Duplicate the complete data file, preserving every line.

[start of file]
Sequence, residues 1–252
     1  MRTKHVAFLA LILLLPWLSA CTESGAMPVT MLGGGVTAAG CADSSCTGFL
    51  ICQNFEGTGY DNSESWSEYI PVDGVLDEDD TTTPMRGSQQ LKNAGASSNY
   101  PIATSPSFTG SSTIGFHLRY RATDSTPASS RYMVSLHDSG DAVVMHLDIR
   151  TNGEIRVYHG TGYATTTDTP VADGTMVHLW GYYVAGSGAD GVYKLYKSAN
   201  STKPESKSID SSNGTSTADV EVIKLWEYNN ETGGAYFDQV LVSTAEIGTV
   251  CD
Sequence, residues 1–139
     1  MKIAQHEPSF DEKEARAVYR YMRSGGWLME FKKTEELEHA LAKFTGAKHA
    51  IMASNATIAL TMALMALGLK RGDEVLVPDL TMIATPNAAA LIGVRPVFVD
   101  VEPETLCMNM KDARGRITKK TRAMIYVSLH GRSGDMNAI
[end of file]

Sequence, residues 1–252
     1  MRTKHVAFLA LILLLPWLSA CTESGAMPVT MLGGGVTAAG CADSSCTGFL
    51  ICQNFEGTGY DNSESWSEYI PVDGVLDEDD TTTPMRGSQQ LKNAGASSNY
   101  PIATSPSFTG SSTIGFHLRY RATDSTPASS RYMVSLHDSG DAVVMHLDIR
   151  TNGEIRVYHG TGYATTTDTP VADGTMVHLW GYYVAGSGAD GVYKLYKSAN
   201  STKPESKSID SSNGTSTADV EVIKLWEYNN ETGGAYFDQV LVSTAEIGTV
   251  CD
Sequence, residues 1–139
     1  MKIAQHEPSF DEKEARAVYR YMRSGGWLME FKKTEELEHA LAKFTGAKHA
    51  IMASNATIAL TMALMALGLK RGDEVLVPDL TMIATPNAAA LIGVRPVFVD
   101  VEPETLCMNM KDARGRITKK TRAMIYVSLH GRSGDMNAI